When using headphones, set the volume to be equivalent to that of an acoustic through the headphones, and don't play around with the setting after that. In other words, treat the digital like an acoustic.


"I don't play accurately - anyone can play accurately - but I play with wonderful expression. As far as the piano is concerned, sentiment is my forte. I keep science for Life."
Joined: Sep 2016
Posts: 293
Full Member
Offline
Full Member
Joined: Sep 2016
Posts: 293
If nothing else, getting a good 88 key, fully weighted keyboard for around $500 would be a great step to make.

Once, some years ago, I had just moved, and was in between pianos and got just a really cheap 61-key keyboard to carry me over, and it did real damage to my practicing. I just stopped practicing on it altogether and went out, instead, to find real acoustics that other people would lend me to play on.

Once I was able to invest in a pretty good digital piano with 88 fully-weighted keys and great deal of sensitivity to touch and, in my opinion, the ability to communicate subtle and varied expression, things did a complete turnaround.

Since getting that piano, I practice at home a lot, lot more than 5 x 30 minutes a day!


"Genius is not the sign of demigodliness, but the sign of having a profoundly practical mind" - anonymous

https://www.youtube.com/channel/UCTc4esj9xQG6NjLIr9an29Q
Joined: Jun 2014
Posts: 157
L
Full Member
Offline
Full Member
L
Joined: Jun 2014
Posts: 157
If your son is practicing five times a week without being nagged or threaten, he is doing much better than a lot of other piano students out there.

I agree that even a $500 digital would be an upgrade. You can always upgrade again to a higher end digital or an acoustic later.

Joined: Apr 2007
Posts: 17,299
M
Yikes! 10000 Post Club Member
Offline
Yikes! 10000 Post Club Member
M
Joined: Apr 2007
Posts: 17,299
Originally Posted by rev2003
Sorry, I messed up. The kid only practices 2.5 hours a week. But I guess this forum has taught me that we're probably not worthy enough for piano.


I don't know why you feel this way - I don't see anything anyone has said in response to your post to give off this impression. frown

The Roland HP-605 is a very nice digital and it sounds like it is a perfect solution for your family. Although I do recommend that when your children's friends come over, that it not be used as a toy to play on unless they're really trying to make up some music. Keep the little keyboard for playing around with.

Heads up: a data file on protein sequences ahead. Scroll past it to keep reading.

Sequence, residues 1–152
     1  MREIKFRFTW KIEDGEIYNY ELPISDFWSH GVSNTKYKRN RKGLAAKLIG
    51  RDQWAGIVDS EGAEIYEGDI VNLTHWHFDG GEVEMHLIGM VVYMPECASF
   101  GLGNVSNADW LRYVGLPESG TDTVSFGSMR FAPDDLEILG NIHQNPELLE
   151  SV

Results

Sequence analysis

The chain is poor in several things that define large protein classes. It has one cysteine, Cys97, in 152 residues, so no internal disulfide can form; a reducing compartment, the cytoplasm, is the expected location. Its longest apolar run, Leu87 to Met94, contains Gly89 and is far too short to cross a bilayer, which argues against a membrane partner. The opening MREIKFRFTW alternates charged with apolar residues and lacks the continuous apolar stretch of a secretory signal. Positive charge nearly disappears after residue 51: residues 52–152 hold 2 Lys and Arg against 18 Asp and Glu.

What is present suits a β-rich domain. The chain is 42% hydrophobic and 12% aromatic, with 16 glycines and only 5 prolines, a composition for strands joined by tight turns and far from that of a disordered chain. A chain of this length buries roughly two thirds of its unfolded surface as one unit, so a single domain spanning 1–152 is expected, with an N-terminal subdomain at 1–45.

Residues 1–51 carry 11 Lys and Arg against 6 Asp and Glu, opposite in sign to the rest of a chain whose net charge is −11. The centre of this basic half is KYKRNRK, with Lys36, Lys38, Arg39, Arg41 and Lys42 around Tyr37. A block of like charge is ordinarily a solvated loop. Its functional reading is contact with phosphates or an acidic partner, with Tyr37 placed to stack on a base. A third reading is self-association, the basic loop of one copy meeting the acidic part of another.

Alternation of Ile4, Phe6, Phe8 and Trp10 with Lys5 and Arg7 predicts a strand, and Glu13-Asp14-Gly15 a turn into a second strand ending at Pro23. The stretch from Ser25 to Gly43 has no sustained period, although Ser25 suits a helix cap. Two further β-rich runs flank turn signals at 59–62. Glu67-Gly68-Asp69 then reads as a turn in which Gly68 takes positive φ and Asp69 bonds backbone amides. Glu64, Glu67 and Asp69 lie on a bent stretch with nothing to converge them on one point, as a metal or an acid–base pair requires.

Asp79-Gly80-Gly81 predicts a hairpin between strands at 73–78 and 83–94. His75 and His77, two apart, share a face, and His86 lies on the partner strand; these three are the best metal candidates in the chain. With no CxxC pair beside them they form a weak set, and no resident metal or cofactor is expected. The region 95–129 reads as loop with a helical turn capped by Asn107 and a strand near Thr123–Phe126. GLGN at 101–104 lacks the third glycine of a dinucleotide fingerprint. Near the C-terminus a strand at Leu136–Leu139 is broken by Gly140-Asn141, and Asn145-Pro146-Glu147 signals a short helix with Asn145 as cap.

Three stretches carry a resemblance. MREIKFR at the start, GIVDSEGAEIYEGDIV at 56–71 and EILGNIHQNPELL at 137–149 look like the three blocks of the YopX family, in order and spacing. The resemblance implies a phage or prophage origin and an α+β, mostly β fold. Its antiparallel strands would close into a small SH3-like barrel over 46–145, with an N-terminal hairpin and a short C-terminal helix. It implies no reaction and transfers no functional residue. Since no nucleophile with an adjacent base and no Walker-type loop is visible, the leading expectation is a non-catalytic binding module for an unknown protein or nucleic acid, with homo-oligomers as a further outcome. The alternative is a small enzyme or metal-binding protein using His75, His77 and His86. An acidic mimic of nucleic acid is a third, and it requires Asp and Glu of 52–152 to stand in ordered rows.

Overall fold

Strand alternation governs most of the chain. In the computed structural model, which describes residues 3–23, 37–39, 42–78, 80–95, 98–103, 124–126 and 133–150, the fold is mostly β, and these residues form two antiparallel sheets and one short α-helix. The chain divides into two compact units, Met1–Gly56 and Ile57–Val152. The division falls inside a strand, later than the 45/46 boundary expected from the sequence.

30 minutes/day 5x a week is just fine. I'd be delighted if I could get this kind of regularity from my students! smile

Last edited by Morodiene; 01/02/17 02:53 PM.

private piano/voice teacher FT

[Linked Image]
[Linked Image]
Joined: Oct 2012
Posts: 2,086
W
2000 Post Club Member
Offline
2000 Post Club Member
W
Joined: Oct 2012
Posts: 2,086
Originally Posted by rev2003
Sorry, I messed up. The kid only practices 2.5 hours a week. But I guess this forum has taught me that we're probably not worthy enough for piano.


If my parents had judged me as a child based on my practice habits (scant) and innate aptitude (scant), I'd probably not have had a piano. Yet I kept with it throughout my life and it's an important part of my life.


Whizbang
amateur ragtime pianist
https://www.youtube.com/user/Aeschala
Joined: Oct 2014
Posts: 58
V
Full Member
Offline
Full Member
V
Joined: Oct 2014
Posts: 58
Originally Posted by rev2003
I sort of feel like maybe I would be being an awful parent if I don't get an acoustic but I'm pretty concerned about the loudness of it all. I read this thread from a few years back: http://www.pianoworld.com/forum/ubb.../topic/020093/Number/0/site_id/1#import.


I dug up the same old thread about noise level when I first bought an acoustic for my 5 year old, and it made me concerned about noise safety. But two years later, loudness hasn't been a problem for us, and we have a 5'10" grand. With the lid down (how she typically practices), I measured the volumes with the Decibel Meter Pro app and on fortissimo passages she peaks at 79 dB.

We also have a decent Roland digital, and I enjoy hearing music from the acoustic piano far more than from the digital. There is just no comparison. The acoustic has allowed my kid to develop musical expression and technique that would have been impossible on the digital, and this is why her piano teacher wanted us to get her an acoustic ASAP.

You don't mention a budget constraint, or a problem with close neighbors sharing a wall. There are some valid reasons for picking a digital over an acoustic, but if you have the means to do so, I would vote for a decent acoustic. Your kid is totally worthy of an acoustic! He practices regularly and 30 min, 5x per week is a decent amount of time for his age. I'm curious what you have read that would make you think otherwise?